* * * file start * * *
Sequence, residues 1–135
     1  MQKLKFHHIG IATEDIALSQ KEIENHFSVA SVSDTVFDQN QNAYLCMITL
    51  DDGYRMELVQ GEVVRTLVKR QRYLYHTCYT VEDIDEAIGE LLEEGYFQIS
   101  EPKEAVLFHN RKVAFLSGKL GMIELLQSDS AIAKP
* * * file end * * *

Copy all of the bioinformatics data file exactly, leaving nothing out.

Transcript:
Sequence, residues 1–135
     1  MQKLKFHHIG IATEDIALSQ KEIENHFSVA SVSDTVFDQN QNAYLCMITL
    51  DDGYRMELVQ GEVVRTLVKR QRYLYHTCYT VEDIDEAIGE LLEEGYFQIS
   101  EPKEAVLFHN RKVAFLSGKL GMIELLQSDS AIAKP